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Dr Edward Barron

Margaret Aylward Dr Edward Barron Philip Barron Denis Cashman Raymond Chandler Paddy Coad Patrick Comerford Donncha Ruadh Val Doonican Sean Dunne Frank Edwards Alfie Hale John M Hearne William Hobson Dr Thomas Hussey Charles Kean John Keane Edmund Leamy D. P. Moran Gen Dick Mulcahy James Nash Peter O'Connor Jas Louis O'Donnell Pádraig Ó Fainín Gilbert O'Sullivan John Redmond Edmund I Rice James Rice, Mayor Lord Roberts V. C. John Roberts Frank Ryan Thomas Sexton Archbishop Sheehan Susan Smith John Treacy Luke Wadding William V. Wallace Cardinal Wiseman Bullocks Wyse Lucien Bonaparte Wyse



         Dr. Edward Barron, Missionary
He was formerly Professor in St John’s College, Waterford, and subsequently bishop of Liberia and was the son of Pierce Barron, b 1752, of Ballyneale, Clonea, Rathgormack, county Waterford and Anna Winston, born ca 1760, Fethard, county Tipperary, the only daughter of Henry Winston and Margaret Kelly. The Barrons were very wealthy landowners and were among the rare wealthy Catholic families that retained ownership of their estates during the Penal days without renouncing their allegiance to the Catholic faith. Edward was born on 18 June, 1801 at Ballyneale and was one of ten children, Pierce, the eldest, Henry Winston, John, Edward, William, Margaret, Matilda, Catherine, Eliza and Anna Maria. 

The father died suddenly in 1811 and the family suffered another tragedy in October 1817 when the packet ship William and Mary, en route from Bristol to Waterford, was badly holed and sank, taking the lives of the eldest Barron son, Pierce, and four of his sisters. There is a memorial erected to them at Stradbally churchyard, county Waterford with the inscription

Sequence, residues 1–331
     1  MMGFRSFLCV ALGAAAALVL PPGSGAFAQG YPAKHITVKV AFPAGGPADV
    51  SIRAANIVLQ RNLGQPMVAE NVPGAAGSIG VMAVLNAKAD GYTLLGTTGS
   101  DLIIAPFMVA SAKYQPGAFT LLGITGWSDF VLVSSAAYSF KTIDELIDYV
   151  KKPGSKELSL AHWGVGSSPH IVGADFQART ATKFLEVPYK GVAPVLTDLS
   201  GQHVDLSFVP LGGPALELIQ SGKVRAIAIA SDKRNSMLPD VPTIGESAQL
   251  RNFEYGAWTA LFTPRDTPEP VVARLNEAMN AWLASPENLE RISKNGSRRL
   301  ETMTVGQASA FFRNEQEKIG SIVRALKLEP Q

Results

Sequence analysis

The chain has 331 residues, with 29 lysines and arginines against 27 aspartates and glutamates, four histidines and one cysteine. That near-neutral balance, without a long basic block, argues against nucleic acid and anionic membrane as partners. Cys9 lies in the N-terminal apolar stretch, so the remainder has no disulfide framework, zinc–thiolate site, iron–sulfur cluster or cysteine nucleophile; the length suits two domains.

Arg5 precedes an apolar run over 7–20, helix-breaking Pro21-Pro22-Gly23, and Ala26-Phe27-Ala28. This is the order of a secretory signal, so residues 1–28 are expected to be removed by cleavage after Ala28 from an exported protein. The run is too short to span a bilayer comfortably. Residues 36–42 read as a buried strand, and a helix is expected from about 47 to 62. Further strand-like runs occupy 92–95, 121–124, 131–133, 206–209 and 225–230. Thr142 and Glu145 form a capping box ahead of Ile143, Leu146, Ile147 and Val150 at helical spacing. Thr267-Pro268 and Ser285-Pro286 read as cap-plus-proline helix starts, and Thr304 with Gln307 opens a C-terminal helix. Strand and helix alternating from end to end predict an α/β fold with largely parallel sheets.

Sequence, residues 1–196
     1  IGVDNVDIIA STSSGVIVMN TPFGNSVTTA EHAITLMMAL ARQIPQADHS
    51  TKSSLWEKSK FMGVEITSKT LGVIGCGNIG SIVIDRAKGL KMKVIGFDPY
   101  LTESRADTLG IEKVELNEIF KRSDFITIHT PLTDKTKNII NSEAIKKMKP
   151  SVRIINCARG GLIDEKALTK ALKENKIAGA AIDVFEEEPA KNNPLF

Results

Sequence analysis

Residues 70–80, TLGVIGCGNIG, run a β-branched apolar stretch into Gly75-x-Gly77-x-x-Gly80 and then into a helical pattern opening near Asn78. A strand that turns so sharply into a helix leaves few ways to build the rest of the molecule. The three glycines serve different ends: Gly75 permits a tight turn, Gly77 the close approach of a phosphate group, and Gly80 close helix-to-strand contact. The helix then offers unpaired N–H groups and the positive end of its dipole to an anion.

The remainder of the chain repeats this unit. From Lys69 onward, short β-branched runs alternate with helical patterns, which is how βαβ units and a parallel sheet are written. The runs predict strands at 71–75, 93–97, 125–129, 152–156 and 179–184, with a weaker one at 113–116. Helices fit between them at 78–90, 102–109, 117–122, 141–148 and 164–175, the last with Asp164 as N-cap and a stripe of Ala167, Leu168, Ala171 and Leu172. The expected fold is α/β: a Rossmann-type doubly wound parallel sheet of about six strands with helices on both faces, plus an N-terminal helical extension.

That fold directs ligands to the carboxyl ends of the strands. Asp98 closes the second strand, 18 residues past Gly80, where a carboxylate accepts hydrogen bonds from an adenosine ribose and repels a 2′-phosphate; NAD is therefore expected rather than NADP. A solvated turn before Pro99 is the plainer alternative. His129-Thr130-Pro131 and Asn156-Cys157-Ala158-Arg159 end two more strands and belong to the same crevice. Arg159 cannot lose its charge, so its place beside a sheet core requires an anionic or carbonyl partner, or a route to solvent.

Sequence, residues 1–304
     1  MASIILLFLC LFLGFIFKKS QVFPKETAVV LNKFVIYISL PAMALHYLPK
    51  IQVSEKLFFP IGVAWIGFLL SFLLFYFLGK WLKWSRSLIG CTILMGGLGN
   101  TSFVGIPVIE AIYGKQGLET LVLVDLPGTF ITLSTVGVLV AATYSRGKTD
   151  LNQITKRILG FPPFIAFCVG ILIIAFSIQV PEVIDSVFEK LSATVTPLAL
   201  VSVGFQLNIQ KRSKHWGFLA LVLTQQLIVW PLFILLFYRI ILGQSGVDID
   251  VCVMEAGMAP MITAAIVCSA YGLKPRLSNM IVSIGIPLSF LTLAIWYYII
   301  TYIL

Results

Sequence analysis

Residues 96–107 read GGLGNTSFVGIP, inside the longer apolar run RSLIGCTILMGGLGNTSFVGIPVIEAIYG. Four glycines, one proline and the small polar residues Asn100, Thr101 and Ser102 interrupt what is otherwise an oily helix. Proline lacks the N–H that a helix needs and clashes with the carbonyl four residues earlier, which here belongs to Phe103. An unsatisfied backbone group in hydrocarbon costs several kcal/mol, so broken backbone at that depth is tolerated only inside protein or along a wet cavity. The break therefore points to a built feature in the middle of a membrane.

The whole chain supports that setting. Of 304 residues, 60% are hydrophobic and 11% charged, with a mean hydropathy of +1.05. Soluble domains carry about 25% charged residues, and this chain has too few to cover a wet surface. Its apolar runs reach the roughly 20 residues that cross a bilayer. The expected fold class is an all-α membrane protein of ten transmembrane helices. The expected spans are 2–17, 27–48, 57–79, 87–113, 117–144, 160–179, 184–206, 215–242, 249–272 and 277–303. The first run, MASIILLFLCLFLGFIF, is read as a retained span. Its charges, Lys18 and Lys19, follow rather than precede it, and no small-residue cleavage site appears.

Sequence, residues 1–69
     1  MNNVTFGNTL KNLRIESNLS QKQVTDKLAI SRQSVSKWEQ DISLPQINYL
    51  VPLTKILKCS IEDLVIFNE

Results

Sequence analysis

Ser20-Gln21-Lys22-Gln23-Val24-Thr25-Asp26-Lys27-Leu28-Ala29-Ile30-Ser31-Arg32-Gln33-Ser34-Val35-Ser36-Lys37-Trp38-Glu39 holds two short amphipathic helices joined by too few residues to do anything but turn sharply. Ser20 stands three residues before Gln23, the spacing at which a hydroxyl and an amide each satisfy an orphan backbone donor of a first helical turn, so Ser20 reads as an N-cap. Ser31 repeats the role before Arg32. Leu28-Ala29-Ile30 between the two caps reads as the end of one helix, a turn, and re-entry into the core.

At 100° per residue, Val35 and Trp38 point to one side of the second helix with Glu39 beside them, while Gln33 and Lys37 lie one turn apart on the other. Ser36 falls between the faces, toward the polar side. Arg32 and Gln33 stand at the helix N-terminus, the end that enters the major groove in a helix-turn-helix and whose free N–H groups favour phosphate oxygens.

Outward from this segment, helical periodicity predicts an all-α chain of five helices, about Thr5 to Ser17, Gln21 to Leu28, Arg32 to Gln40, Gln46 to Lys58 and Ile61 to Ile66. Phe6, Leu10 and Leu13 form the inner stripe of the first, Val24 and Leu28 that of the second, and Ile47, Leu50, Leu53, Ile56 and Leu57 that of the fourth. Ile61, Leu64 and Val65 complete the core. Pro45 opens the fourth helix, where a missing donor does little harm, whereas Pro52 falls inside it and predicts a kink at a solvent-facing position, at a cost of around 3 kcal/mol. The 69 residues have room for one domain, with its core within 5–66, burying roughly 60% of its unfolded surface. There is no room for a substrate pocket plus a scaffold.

Sacred to the memory of Pierce W. Barron, Esq. And his sisters, Margaret, Matilda, Catherine and Eliza, who perished in an early and watery grave on the wreck of the “Wm and Mary Packet” Oct 25th 1817.

  Edward was sent, at age thirteen, to boarding school in England. Accompanying him to St Edmund’s College, Ware in Hertfordshire was his younger brother William, aged 9, and his cousin John Netterville Barron. Several years later they moved again, this time to Paris where they entered the Lycée Henri V and then back to Dublin to study law at Trinity College. Edward spent three years at Trinity but did not take his law degree exams. One reason was that he was ‘converted’ and decided to enter the Catholic priesthood at St. John’s College in Waterford. The college was then situated at College St. He was then sent (1824) by Dr. Kelly, the catholic bishop of Waterford, to study at the Propaganda College in Rome where he was ordained at St Agatha’s church in 1829. 

  He returned to Waterford where he was appointed a professor in St John’s College (he had received his Doctorate in Theology on 3rd September 1829) where he taught French, Hebrew and Philosophy. He stayed there for seven years and then accepted an offer from bishop Kenrick at Philadelphia in the United States to take up the appointment as Vicar General and pastor of St Mary’s church. After some time there he undertook the mission to Cape Palmas, on the west coast of Africa and thus became America's first Catholic missionary. He was appointed bishop to the see of Constantine and Vicar Apostolic of the Two Guineas, a vast territory comprising the Gold Coast, the Ivory Coast and Liberia to where repatriated slaves had been sent since 1816. The African mission was a mission for martyrs in the 19th century and was known as the white man's grave. Most missioners who went there might expect a year or two of effective labours before they succumbed, inevitably, to the tropical fevers endemic in that place. 


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